Eurovision 2013 – Heads of Delegations Meeting
Hello Friends! I hope you enjoyed my preview of this year’s entries – feel free to read them again here: First Semi-Final: first half, second half; Second Semi-Final: first half, second half; Automatic Qualifiers.
While I was previewing the entries, the annual Heads of Delegation Meeting took place in Malmö. During this meeting, the producers of the 39 various entries as well as representatives from each of the competing broadcasters come together to do several things to officially launch us into the final two months leading into the Contest:
1. Submit the final versions of their entries as well as submit the final version of their backing tracks for review.
2. Hear final updates from the host broadcaster, particularly the timeline of events for the next two months
3. Learn the schedule for rehearsals and Eurovision Week.
So, let’s go piece-by-piece, shall we?
1. Submit the final versions of their entries as well as submit the final versions of their backing tracks for review.
So, as you may or may not know, since 1999 to help save money and to cut down on logistical issues, the EBU gave host broadcasters the option of using an orchestra or not. Since no broadcaster has opted to use an orchestra, participating broadcasters must submit a backing track for their entries (i.e., participants can play their own music). These backing tracks must be reviewed by the host broadcaster to ensure that they a) fit the three minute time limit, and b) are free of any kind of human vocals, real or synthesized. France was caught in this way in 2008 and had to scramble to find backing singers to perform with Sébastian Tellier. In 1999, Croatia was penalized 1/3 of their points for having synthesized vocals on their backing tracks (the EBU required the host broadcaster to begin reviewing backing tracks the following year).
This is also when a lot of entries go from native languages to English. This year, as far as I can tell, the only official change we had was from Moldova, which actually went the other way. The song was originally announced to be in English, but on the first day of the meeting, Moldova announced that A Million would instead be sung in Romanian, under the title O Mie – which means “a thousand.”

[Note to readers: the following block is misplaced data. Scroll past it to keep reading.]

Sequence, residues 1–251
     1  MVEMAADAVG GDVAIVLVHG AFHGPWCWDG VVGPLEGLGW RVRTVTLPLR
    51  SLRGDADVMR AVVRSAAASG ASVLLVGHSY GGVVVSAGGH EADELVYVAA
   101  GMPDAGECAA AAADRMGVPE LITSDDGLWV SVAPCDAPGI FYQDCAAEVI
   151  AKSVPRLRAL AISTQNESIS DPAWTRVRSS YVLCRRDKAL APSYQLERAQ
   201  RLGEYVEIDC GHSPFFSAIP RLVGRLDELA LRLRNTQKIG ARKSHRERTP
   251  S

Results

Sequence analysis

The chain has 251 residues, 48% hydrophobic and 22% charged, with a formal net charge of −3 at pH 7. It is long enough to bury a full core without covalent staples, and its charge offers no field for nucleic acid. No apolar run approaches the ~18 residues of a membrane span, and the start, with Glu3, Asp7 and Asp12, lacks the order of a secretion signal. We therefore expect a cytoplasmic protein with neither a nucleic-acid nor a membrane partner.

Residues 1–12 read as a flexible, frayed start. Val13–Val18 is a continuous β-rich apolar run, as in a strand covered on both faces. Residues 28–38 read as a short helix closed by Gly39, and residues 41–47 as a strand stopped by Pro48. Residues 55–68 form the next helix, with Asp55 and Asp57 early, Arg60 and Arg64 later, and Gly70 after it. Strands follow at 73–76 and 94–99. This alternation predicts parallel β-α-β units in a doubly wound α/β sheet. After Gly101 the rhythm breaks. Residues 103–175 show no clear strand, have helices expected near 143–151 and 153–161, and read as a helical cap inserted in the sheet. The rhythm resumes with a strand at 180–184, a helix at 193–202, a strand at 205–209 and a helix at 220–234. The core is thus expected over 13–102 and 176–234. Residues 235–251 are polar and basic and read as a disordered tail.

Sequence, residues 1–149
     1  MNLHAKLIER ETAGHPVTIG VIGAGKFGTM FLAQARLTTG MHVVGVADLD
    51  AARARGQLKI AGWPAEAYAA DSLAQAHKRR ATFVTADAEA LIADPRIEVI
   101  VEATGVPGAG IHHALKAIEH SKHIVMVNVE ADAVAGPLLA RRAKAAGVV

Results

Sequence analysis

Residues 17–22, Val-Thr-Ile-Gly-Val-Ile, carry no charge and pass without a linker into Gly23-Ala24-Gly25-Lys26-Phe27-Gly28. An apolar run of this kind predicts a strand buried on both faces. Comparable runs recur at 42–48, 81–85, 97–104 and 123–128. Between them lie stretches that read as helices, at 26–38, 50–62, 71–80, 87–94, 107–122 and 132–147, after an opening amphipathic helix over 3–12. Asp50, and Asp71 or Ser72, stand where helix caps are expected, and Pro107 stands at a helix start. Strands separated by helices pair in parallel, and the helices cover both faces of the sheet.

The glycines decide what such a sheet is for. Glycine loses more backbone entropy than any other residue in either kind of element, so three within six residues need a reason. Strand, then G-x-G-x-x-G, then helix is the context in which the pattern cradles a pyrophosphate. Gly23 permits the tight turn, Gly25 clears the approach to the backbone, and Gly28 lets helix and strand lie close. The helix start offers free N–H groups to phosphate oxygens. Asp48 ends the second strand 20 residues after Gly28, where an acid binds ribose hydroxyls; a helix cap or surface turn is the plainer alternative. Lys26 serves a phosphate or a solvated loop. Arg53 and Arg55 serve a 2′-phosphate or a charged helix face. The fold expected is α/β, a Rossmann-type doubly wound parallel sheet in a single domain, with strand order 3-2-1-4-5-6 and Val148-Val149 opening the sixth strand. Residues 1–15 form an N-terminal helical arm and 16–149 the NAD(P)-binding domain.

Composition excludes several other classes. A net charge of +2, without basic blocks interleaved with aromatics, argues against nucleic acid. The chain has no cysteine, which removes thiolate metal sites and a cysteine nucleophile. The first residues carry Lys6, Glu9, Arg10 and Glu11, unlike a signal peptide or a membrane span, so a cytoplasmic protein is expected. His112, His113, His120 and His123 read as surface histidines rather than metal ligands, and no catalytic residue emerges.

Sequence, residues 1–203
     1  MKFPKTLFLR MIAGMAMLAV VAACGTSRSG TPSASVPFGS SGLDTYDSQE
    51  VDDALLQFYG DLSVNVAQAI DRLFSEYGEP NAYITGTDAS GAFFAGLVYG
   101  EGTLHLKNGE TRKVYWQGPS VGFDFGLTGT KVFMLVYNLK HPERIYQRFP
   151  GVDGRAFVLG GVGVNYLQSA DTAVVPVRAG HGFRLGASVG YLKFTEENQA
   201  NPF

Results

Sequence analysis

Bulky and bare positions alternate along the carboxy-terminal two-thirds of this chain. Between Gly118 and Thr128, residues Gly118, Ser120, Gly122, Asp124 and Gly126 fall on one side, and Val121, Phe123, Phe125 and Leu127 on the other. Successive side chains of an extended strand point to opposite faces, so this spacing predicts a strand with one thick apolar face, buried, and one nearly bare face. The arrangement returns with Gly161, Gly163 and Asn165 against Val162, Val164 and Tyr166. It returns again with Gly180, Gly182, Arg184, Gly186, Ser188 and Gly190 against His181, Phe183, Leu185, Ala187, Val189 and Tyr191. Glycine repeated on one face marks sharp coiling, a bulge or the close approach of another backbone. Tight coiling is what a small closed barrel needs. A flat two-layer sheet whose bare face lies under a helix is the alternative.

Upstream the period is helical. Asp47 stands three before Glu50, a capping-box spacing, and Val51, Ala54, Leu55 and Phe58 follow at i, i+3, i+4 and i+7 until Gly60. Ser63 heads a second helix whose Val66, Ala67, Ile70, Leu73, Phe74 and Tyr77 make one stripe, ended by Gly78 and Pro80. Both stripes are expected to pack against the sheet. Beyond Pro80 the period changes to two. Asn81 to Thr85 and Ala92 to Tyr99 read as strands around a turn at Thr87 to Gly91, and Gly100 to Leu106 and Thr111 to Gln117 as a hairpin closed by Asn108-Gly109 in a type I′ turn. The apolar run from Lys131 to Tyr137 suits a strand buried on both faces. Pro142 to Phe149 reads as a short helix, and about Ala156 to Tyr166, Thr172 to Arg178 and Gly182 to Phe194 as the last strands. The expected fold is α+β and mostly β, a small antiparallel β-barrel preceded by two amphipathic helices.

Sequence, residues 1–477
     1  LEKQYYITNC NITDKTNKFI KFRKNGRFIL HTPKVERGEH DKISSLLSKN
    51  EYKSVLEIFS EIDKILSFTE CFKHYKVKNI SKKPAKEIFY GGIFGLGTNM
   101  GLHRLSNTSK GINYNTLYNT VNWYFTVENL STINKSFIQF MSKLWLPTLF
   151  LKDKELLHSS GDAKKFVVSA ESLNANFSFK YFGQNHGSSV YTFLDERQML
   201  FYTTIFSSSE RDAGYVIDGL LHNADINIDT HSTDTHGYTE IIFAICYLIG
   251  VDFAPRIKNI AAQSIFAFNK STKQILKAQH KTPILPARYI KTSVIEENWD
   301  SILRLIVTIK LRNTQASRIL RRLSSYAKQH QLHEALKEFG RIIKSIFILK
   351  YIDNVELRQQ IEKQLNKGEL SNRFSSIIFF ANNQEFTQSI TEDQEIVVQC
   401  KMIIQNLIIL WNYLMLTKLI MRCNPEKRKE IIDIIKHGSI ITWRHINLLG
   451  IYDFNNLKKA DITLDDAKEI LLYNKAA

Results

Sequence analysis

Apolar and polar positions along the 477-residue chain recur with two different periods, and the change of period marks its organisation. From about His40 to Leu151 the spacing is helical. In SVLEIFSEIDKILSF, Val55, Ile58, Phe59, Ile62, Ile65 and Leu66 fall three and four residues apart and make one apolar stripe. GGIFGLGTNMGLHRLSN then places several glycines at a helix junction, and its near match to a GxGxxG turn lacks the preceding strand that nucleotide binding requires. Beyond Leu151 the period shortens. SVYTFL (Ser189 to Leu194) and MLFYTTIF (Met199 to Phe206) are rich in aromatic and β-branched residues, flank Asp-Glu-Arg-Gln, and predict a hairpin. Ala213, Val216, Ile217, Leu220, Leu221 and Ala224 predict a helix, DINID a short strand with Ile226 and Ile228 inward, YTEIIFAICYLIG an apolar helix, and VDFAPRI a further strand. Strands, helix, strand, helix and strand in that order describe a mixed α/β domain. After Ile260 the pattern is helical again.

2. Hear final updates from the host broadcaster…
One thing that SVT had been dragging their feet on was the design of the stage for this year’s Contest. We got to see a basic sketch of the stage in February, but we finally get to see a final rendering. The article can be found here. Below is one of the pictures released by the EBU:
As you can read in the accompanying article, the design was based on the wings of butterflies and moths, which provided the inspiration of this year’s design theme (which is at the top of this post). The taller towers are based on butterfly wings. The horizontal portion is based upon the wing pattern of a flying month.
3. Learn the schedule for rehearsals and Eurovision Week
We have the rehearsal schedule:
The first four days are for the first rehearsals of the semi-finals. Each country will have ~45 minutes on stage to set camera angles, set lighting, see how the background looks, test sound, etc. Then will have additional time in a back room to watch the rehearsal back. Instead of press conferences, there will simply be interviews at the EuroClub. This saves time and stress. The second run-throughs are shorter (~30 minutes) and will be followed by press conferences. The automatic qualifiers will rehearse on the 11th and 12th.
Something else we learned was information regarding the running order. Sweden, who had to randomly choose their spot, was drawn 16th in the running order of the Grand Final. The Big 5 will randomly choose which half of the Grand Final they will participate in during their press conferences. The qualifiers from the semi-finals will draw which half they will perform in during each of the press conferences following the semi-finals. Speaking of which, SVT said that we will have the running order for the Semi-Finals no later than the 29th of March. The deadline for the Grand Final is the 17th May at 3AM, literally just hours after the Second Semi-Final.
I do not know how I feel about Sweden knowing their spot so soon. They should draw it after they’ve placed everyone else, that is the only way to avoid the situation where they maximize themselves by choosing favorable neighbors for their performance. We’ll see…
Check in periodically, as I plan on doing several more posts in the run-up to the Contest, including a look at the semi-final running orders, the favorites to win, and at least one more post with predictions.